When we talk of console connection, i understand the following:

Someone has a physical access to the device(say, a router)and has inserted a cable into the console port of the router/switch.The other end of this cable goes into the client(say my laptop) hosting some application like putty.

Q1: Is the above understanding correct ?

Q2: But quite a few times, i hear that devices which are thousands of miles away can also be accessed by console.Is this actually possible? How ?

Q3:Using this console access, they bring the management connectivity up. Henceforth, the device can be accessed using an ip address. Please explain how this is achieved.

Q4:What we did in step 3(Q3 actually), is it called OOB(out of band access)?

1 Answer 1


Q1: yes

Q2: for that telnet (obsolete) and SSH can be used in addition to various proprietary protocols, even a COM server connecting to the serial console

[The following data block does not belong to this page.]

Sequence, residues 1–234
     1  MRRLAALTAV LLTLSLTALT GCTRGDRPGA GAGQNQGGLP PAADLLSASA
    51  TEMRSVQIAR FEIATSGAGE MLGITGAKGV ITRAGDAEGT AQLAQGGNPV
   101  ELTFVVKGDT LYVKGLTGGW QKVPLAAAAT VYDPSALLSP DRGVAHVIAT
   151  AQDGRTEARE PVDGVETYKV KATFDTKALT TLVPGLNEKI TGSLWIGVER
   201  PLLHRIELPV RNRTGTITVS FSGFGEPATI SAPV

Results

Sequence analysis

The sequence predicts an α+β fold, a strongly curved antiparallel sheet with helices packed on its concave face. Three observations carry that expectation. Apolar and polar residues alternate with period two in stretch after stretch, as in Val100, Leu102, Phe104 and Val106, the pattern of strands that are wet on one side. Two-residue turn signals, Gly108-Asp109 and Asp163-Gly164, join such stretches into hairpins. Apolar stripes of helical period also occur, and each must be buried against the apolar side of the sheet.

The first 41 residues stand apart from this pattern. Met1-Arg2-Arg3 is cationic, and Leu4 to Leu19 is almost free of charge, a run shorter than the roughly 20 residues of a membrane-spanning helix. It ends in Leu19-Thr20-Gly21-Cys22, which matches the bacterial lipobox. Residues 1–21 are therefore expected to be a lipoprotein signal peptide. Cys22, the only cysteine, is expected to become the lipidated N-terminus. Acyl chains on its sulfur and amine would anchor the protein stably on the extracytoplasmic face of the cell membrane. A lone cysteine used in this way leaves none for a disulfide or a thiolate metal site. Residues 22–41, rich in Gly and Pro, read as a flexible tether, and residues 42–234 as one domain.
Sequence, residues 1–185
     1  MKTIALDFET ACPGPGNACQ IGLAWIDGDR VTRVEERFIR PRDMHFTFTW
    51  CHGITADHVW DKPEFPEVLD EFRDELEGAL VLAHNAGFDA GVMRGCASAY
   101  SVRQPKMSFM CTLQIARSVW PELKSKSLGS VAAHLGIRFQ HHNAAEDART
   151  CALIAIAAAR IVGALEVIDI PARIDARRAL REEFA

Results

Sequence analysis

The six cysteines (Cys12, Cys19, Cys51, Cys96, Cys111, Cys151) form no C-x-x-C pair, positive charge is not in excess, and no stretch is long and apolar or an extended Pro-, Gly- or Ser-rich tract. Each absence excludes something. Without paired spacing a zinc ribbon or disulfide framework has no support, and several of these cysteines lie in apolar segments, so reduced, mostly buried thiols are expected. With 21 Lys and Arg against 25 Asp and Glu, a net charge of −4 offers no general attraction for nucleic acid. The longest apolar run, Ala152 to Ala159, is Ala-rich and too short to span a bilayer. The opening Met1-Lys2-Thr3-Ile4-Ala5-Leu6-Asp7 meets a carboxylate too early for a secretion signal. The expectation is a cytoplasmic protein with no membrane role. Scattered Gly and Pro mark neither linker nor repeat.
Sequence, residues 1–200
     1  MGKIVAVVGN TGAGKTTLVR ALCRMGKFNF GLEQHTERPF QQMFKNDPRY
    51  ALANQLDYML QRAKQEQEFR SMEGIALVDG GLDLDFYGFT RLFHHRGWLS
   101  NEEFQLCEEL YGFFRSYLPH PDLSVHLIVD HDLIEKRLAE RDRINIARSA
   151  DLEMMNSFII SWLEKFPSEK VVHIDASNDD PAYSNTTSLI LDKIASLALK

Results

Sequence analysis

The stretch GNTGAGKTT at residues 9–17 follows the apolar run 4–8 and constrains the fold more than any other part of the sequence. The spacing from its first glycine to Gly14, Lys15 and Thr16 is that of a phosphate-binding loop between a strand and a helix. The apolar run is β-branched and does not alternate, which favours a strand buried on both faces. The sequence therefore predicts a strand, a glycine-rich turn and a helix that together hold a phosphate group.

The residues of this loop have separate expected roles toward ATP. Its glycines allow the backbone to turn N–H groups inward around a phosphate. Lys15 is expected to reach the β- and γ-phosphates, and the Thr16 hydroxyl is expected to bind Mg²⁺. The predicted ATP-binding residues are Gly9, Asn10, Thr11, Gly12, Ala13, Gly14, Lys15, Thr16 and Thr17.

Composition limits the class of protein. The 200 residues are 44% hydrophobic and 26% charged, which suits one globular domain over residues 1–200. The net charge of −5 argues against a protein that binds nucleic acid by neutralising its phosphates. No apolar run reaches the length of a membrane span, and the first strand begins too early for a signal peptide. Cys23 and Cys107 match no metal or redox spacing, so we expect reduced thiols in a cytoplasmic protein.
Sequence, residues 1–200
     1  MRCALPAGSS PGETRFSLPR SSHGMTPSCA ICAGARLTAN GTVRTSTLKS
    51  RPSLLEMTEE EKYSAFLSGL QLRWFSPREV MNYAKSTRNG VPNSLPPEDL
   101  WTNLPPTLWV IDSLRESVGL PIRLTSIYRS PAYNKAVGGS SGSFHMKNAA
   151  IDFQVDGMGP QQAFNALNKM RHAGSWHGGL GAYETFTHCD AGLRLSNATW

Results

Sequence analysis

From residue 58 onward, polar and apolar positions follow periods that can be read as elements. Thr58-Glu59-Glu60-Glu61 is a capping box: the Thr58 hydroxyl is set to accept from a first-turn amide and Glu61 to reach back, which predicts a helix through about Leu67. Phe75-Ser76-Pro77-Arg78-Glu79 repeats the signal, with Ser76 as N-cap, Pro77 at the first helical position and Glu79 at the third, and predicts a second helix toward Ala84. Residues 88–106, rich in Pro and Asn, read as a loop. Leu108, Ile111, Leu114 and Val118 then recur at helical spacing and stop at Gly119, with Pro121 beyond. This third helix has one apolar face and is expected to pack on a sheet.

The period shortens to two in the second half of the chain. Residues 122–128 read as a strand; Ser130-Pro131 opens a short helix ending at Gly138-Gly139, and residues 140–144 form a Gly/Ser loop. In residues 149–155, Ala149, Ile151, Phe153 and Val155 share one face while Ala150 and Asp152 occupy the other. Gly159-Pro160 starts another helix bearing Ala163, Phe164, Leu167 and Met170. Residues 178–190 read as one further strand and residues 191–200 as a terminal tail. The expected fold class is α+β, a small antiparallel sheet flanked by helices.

Q3: telnet is the easiest with (basically) connecting through a TCP socket instead of a serial line - because it's so simple (first defined in 1969's RFC 15), there's no inherent security against password interception, man-in-the-middle attacks or replay attacks

Q4: out-of-band access is everything that's not in-band (ie. using the same interface as the data transmissions) - this can be a serial port or a dedicated network port that's not used for data

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